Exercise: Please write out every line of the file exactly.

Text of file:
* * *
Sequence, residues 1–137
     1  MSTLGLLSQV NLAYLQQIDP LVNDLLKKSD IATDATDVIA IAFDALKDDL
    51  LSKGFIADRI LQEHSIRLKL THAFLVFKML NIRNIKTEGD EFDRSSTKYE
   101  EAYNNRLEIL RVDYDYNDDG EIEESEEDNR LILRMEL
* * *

Sequence, residues 1–137
     1  MSTLGLLSQV NLAYLQQIDP LVNDLLKKSD IATDATDVIA IAFDALKDDL
    51  LSKGFIADRI LQEHSIRLKL THAFLVFKML NIRNIKTEGD EFDRSSTKYE
   101  EAYNNRLEIL RVDYDYNDDG EIEESEEDNR LILRMEL